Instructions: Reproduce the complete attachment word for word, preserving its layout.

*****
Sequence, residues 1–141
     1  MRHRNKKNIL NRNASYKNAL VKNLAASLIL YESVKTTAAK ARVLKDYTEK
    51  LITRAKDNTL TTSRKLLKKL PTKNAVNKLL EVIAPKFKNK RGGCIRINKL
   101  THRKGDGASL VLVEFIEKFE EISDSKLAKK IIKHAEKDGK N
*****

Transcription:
Sequence, residues 1–141
     1  MRHRNKKNIL NRNASYKNAL VKNLAASLIL YESVKTTAAK ARVLKDYTEK
    51  LITRAKDNTL TTSRKLLKKL PTKNAVNKLL EVIAPKFKNK RGGCIRINKL
   101  THRKGDGASL VLVEFIEKFE EISDSKLAKK IIKHAEKDGK N